Students often struggle to access abortion: many do not have cars or the resources to pay for public transportation. Almost half of the public university campuses in California are located five miles or more from an abortion provider, and some students must travel upwards of four hours to get care.
“With constant attacks on abortion rights across the country, SB 24 ensures college students in California have access to the full range of healthcare services. This policy reduces unnecessary barriers to abortion care and we are proud to have worked with such a fierce group of champions to make this a reality,” said Tiffany Pryor, Interim Executive Director of ACCESS Women’s Health Justice.
“At a time when abortion rights throughout the country are under attack, California is fighting back,” said Phyllida Burlingame, Reproductive Justice and Gender Equity Director of the ACLU of California. “SB 24 ensures that public university students can exercise their constitutional right to abortion and access care on their campuses – no matter how much money they have, what they look like, or where they live.”
“This is what real reproductive health care access looks like. This shows what happens when young people fight for change they need and believe in,” said Sarah Hutchinson, Policy Director at ACT for Women and Girls.
“Students should be able to make the decisions they believe are best for themselves, including the decision to become a parent or end a pregnancy,” said Laura Jiménez, Executive Director of California Latinas for Reproductive Justice. “Today, Governor Newsom stood with students of color, low-income students, and first-generation students who disproportionately face barriers to accessing the healthcare they need.”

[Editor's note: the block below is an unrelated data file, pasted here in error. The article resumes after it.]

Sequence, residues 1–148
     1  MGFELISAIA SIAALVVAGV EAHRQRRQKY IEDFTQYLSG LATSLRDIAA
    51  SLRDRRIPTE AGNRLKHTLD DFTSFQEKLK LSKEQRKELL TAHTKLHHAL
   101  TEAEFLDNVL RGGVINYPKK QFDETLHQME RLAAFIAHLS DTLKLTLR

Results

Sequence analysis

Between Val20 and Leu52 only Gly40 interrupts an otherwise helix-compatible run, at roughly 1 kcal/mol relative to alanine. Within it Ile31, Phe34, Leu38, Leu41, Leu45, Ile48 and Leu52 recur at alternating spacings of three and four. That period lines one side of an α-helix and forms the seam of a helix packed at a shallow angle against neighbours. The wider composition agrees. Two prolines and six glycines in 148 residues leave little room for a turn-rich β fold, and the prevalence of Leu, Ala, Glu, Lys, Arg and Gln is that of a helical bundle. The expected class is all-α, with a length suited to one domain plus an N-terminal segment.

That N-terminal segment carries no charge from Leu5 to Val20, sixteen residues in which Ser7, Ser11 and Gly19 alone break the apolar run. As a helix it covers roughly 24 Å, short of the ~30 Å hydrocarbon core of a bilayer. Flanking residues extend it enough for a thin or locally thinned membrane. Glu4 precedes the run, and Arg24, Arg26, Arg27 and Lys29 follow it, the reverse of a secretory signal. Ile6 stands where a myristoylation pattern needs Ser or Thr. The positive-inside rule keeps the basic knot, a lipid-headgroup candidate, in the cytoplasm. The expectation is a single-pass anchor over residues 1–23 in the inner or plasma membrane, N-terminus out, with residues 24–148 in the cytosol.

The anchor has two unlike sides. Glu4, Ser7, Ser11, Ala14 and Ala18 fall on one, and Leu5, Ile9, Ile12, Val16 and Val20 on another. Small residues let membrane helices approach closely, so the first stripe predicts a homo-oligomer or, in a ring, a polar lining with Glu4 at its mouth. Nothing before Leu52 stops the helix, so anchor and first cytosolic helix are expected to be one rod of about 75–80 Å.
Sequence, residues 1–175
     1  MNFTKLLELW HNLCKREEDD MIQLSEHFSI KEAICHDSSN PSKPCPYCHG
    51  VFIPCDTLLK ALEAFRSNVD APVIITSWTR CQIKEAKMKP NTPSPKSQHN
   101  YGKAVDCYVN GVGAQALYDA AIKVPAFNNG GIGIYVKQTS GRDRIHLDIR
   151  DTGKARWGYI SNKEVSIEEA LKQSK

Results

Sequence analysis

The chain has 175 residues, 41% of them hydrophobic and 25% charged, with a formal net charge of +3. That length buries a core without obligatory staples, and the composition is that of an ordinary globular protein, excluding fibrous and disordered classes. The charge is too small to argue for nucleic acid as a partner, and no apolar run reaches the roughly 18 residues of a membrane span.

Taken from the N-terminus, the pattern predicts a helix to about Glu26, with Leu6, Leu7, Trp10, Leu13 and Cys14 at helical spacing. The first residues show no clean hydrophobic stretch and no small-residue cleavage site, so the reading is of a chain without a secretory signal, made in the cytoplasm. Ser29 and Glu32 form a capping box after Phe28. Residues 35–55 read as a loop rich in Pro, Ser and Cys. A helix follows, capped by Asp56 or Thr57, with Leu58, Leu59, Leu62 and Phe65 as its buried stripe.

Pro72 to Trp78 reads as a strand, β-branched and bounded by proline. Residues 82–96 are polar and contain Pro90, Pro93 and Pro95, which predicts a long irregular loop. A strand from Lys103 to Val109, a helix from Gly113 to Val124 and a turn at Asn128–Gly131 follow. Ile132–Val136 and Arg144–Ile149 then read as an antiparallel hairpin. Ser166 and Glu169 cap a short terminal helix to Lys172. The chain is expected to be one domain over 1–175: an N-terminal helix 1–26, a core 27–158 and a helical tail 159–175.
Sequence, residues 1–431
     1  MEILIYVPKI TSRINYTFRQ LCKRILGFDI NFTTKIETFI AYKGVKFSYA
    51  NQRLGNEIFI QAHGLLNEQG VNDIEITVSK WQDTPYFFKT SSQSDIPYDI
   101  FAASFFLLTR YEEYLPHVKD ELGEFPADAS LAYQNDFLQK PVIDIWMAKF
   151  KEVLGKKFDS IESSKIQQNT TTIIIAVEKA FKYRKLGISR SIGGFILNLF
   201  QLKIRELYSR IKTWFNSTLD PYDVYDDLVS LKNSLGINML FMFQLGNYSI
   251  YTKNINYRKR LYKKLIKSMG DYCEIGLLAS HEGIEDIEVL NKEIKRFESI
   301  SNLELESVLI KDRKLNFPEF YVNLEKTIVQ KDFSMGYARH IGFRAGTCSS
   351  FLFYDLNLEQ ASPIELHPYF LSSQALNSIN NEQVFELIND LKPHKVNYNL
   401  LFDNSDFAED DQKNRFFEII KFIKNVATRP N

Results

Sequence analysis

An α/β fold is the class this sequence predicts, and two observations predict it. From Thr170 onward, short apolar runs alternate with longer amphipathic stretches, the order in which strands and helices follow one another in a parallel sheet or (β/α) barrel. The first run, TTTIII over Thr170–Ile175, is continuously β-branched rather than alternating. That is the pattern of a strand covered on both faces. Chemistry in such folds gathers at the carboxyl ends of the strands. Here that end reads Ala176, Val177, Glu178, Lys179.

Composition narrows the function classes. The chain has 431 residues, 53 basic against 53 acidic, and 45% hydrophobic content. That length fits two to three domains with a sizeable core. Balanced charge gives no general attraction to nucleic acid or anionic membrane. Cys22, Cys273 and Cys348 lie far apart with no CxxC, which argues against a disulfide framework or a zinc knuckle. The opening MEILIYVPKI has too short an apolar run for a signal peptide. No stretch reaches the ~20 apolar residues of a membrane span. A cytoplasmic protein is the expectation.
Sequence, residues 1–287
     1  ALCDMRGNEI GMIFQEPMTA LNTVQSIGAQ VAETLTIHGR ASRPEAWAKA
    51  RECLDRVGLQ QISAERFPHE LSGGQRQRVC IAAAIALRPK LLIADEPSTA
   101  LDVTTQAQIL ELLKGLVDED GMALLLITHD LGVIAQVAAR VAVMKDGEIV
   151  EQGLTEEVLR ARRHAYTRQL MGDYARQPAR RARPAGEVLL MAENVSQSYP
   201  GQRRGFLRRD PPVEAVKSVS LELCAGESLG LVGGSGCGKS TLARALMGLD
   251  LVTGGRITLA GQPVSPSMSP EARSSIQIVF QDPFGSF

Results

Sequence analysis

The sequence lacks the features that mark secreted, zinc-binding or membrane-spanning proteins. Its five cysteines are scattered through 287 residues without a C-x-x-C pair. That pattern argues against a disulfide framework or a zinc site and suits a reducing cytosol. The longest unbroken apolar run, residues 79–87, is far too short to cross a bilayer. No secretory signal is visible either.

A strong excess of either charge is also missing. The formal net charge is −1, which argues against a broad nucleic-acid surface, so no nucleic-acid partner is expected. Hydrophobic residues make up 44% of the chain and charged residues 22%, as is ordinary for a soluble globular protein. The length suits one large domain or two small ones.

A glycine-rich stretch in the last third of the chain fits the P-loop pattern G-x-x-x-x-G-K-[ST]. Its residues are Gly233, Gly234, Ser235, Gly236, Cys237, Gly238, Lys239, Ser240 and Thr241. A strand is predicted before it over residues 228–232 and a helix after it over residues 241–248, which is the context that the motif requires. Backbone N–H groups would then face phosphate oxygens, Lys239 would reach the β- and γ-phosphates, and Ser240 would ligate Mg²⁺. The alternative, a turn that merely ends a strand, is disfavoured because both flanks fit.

“Today, California has taken a significant step to expand reproductive freedom and guarantee that the right to abortion care is accessible to hundreds of thousands of California’s public university students,” said NARAL Pro-Choice California Director Shannon Hovis. “Governor Newsom’s signature of SB 24 makes good on his commitment as governor of the most populous state in the nation to stand with the 7 in 10 Americans who support the right to legal abortion and lead the country through this dark period characterized by politicians who seek to restrict women’s freedoms for their own political agendas.”
“This bill will have tangible benefits for students, particularly those who struggle the most to access the reproductive healthcare they need,” said Rocío González, Fellow at Women’s Foundation of California, Women’s Policy Institute. “Supporting their personal and academic success is good for them and good for California as a whole.”
“This is a victory for the students and allies who put in a tremendous effort to ensure that university students have the respect, recognition, and resources they need to thrive,” said Surina Khan, CEO of The Women’s Foundation of California.
justCARE: Campus Action for Reproductive Equity mobilizes students and allies across California to make the abortion pill on campus a reality. We envision a future where reproductive health services are available to all students who need them, wherever we live or go to school.